Loss of the technique

Production of these patterned swords gradually declined, ceasing by around 1750, and the process was lost to metalsmiths. Several modern theories have ventured to explain this decline, including the breakdown of trade routes to supply the needed metals, the lack of trace impurities in the metals, the possible loss of knowledge on the crafting techniques through secrecy and lack of transmission, suppression of the industry in India by the British Raj,[14] or a combination of all the above.[2][3][15]

The original Damascus steel or wootz was imported from India to the Middle East.[2][3] Due to the distance of trade for this steel, a sufficiently lengthy disruption of the trade routes could have ended the production of Damascus steel and eventually led to the loss of the technique in India. As well, the need for key trace impurities of tungsten or vanadium within the materials needed for production of the steel may be absent if this material was acquired from different production regions or smelted from ores lacking these key trace elements.[2] The technique for controlled thermal cycling after the initial forging at a specific temperature could also have been lost, thereby preventing the final damask pattern in the steel from occurring.[2][3]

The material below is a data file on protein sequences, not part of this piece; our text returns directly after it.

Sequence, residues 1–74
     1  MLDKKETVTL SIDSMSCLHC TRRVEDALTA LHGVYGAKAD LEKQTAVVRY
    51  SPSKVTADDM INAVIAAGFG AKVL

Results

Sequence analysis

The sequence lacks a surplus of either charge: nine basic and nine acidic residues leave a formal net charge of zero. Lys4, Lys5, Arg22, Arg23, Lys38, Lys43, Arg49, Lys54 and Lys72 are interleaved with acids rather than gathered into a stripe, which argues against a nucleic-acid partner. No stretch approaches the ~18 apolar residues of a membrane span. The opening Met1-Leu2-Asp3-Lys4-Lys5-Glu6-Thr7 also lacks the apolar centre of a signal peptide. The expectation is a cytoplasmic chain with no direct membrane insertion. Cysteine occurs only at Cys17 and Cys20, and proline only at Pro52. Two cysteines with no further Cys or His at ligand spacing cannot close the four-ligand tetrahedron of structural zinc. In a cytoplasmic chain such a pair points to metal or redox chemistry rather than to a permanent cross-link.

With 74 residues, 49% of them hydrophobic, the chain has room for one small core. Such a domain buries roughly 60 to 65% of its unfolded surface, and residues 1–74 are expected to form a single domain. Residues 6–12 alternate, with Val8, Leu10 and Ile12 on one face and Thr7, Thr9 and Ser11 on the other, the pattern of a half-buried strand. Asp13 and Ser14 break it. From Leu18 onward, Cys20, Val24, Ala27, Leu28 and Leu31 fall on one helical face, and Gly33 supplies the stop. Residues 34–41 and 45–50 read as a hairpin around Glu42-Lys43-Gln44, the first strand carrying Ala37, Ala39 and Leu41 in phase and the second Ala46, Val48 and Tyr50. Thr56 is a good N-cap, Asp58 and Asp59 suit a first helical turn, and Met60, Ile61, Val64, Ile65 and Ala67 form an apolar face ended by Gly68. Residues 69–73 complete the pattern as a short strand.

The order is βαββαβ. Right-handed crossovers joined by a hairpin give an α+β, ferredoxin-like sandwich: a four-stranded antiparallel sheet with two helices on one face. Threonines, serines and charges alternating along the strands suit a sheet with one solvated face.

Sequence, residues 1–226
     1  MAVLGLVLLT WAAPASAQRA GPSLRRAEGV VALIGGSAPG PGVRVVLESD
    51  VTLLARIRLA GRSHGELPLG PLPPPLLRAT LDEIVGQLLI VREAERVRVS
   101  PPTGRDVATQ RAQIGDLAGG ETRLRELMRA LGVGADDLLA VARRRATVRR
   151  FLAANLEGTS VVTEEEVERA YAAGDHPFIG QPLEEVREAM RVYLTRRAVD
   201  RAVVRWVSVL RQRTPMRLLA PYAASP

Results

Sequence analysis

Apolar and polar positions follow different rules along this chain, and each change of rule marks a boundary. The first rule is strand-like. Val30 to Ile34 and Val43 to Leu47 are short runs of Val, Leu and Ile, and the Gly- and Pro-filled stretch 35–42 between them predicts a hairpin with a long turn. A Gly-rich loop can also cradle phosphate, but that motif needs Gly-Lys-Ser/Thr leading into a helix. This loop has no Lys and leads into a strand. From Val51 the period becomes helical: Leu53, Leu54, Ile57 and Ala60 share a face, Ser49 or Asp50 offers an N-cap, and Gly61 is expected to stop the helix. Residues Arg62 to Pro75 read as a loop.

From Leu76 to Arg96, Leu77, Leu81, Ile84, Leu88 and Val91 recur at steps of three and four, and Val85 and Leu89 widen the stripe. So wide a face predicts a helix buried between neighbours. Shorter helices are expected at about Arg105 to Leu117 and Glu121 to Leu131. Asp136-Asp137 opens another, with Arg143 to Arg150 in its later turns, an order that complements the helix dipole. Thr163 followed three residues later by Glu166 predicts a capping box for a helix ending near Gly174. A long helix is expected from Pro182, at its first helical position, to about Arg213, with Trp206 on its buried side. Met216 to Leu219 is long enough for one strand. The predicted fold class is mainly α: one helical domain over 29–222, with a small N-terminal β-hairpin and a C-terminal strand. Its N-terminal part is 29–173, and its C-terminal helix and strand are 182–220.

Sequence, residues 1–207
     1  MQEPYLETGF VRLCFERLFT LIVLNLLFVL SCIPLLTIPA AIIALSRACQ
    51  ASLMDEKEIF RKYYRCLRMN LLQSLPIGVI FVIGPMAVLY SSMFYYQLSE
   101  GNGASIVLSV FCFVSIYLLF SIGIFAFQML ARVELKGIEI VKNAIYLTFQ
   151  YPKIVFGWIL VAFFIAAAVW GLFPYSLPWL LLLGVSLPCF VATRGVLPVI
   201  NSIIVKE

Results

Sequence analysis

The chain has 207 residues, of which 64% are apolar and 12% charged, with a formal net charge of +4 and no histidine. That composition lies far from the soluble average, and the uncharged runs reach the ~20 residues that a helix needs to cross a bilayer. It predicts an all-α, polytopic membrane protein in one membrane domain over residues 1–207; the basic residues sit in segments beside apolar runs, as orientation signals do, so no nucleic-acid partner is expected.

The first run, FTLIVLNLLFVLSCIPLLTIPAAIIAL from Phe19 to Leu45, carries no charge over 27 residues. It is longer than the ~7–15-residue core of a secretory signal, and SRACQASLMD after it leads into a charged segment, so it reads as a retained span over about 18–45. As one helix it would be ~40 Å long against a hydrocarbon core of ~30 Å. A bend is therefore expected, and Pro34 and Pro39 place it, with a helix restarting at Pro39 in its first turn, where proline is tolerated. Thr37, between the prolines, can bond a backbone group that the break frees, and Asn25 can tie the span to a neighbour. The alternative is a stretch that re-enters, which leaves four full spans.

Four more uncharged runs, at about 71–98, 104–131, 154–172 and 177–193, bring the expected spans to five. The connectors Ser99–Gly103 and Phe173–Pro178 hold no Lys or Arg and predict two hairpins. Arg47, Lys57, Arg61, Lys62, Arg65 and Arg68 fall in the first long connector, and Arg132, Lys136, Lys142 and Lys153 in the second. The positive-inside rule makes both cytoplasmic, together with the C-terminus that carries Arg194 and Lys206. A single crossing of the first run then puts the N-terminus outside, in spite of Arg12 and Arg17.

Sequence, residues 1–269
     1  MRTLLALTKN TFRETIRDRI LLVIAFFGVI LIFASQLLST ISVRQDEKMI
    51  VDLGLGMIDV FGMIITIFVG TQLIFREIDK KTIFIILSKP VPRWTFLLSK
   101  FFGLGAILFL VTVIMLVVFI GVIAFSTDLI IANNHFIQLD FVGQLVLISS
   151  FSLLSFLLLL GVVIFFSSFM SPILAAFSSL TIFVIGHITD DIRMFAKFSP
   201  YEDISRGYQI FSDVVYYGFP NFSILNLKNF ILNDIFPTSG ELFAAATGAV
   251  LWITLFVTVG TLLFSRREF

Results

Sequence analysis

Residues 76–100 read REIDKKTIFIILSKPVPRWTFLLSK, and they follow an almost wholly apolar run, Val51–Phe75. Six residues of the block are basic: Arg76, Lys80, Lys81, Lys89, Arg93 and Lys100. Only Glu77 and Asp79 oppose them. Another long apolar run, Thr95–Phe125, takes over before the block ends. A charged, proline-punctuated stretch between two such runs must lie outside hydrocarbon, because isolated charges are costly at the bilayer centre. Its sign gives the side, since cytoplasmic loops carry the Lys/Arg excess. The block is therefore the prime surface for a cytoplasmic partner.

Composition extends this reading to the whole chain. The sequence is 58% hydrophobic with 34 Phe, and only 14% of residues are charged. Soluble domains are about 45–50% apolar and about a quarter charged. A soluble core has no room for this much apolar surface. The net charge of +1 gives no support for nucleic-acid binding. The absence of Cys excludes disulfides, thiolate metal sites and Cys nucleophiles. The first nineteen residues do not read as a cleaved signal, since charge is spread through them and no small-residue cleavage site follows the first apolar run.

The discovery of carbon nanotubes in the Damascus steel's composition supports this hypothesis, since the precipitation of carbon nanotubes probably resulted from a specific process that may be difficult to replicate should the production technique or raw materials used be significantly altered.[15]


Recreating Damascus steel is a subfield of experimental archaeology. Many have attempted to discover or reverse-engineer the process by which it was made.

Moran: billet welding

Characteristic "organic" pattern of Damascus steel

Since the well-known technique of pattern welding produced surface patterns similar to those found on Damascus blades, some blacksmiths were erroneously led to believe that Damascus blades were made using this technique, but today, the difference between wootz steel and pattern welding is fully documented and well understood. Pattern-welded steel has been referred to as "Damascus steel" since 1973 when Bladesmith William F. Moran unveiled his "Damascus knives" at the Knifemakers' Guild Show.[16][17] This "Modern Damascus" is made from several types of steel and iron slices welded together to form a billet, and currently the term "damascus" (although technically incorrect) is widely accepted to describe modern pattern welded steel blades in the trade .[18] The patterns vary depending on how the smith works the billet.[17] The billet is drawn out and folded until the desired number of layers are formed.[17] In order to attain a Master Smith rating with the American Bladesmith Society that Moran founded, the smith must forge a damascus blade with a minimum of 300 layers.[19]

Verhoeven and Pendray: crucible